Shortly after the takeover of Palatine, CU took another important step by appointing its first general manager, Evan Roger Owen, a Welshman who had headed CU's fire department with great success since 1885. By 1900 his reputation was such that the Phoenix Fire Office offered him its top job, and the CU board had to decide whether to lose him to a rival or promote him. It chose the latter course. Owen was general manager from 1900 to 1920, and played a leading part in enlarging and reshaping the company in those years.

During this period, the whole insurance industry was concentrated into fewer and larger composite companies, with CU one of the leaders of this trend. Within a few years it acquired half a dozen major companies. In the United Kingdom, these included the largest of the specialist accident companies, Ocean; another composite, Union Assurance; and the oldest of all the British companies, the Hand in Hand. Abroad, it purchased two U.S. companies, the American of Philadelphia, Pennsylvania, and the California Insurance Company. Two of these acquisitions were a result of the 1906 San Francisco fire; CU was strong enough to withstand severe losses but other companies were not, and both Union Assurance and the American of Philadelphia were rescued by CU.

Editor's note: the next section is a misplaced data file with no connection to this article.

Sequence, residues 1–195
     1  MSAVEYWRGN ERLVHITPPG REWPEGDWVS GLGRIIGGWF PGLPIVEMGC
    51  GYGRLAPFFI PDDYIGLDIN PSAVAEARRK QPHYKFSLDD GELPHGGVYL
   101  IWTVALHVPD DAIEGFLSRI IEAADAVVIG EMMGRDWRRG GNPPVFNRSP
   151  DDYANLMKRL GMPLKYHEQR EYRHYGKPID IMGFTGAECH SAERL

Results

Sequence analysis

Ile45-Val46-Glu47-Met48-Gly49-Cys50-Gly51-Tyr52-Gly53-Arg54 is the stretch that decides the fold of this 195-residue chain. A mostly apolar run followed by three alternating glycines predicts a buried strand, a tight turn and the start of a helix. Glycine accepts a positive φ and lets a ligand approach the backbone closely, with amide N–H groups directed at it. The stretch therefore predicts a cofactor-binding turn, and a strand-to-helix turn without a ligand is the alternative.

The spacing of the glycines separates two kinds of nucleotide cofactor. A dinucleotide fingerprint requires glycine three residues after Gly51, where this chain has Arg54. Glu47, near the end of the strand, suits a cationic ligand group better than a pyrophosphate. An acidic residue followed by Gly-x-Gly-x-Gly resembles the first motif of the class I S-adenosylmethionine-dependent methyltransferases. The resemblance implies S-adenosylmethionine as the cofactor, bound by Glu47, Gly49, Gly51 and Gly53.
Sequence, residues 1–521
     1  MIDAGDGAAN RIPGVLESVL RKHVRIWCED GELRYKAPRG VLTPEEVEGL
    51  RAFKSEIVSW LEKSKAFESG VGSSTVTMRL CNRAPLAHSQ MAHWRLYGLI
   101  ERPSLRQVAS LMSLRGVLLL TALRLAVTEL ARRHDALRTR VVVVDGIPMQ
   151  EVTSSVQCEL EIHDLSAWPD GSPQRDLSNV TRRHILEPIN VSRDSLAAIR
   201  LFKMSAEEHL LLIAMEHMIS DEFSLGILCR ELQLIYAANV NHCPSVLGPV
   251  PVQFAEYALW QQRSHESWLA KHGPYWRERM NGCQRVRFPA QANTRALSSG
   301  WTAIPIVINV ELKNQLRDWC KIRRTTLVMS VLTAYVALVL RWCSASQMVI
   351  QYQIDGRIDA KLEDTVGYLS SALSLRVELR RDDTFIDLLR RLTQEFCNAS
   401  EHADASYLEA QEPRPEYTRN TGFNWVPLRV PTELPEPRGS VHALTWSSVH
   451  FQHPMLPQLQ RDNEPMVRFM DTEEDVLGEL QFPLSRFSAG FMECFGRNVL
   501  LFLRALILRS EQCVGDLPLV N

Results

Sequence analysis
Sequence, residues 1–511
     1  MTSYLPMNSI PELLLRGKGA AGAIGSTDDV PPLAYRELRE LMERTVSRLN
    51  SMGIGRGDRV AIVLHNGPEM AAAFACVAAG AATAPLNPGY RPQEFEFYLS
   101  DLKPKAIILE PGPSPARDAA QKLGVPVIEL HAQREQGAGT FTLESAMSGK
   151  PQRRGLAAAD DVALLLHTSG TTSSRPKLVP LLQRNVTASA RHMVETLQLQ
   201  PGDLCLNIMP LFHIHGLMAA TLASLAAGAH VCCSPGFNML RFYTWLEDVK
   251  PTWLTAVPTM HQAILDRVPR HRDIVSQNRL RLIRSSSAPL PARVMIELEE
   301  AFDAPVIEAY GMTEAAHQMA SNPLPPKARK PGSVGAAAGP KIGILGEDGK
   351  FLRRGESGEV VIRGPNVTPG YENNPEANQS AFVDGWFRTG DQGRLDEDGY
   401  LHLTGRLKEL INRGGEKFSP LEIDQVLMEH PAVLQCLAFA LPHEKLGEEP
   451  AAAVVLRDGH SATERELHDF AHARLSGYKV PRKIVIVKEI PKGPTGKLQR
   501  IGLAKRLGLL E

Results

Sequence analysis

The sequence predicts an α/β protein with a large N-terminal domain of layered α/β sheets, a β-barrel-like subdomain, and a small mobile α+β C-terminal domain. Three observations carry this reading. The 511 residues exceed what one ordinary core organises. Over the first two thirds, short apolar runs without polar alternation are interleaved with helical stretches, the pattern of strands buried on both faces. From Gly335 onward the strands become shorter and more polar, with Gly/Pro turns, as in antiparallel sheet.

By these acquisitions and its own vigorous expansion, CU's business grew rapidly throughout the world. By 1914 it was the largest of the British composite companies, with a premium income of £7.5 million--almost four times what it had been in 1901. CU's business continued to grow throughout World War I, despite disruption in Europe and the Atlantic, but it lost its number-one position in the British insurance industry in 1919, when two of its major rivals, Royal, and Liverpool & London & Globe, merged.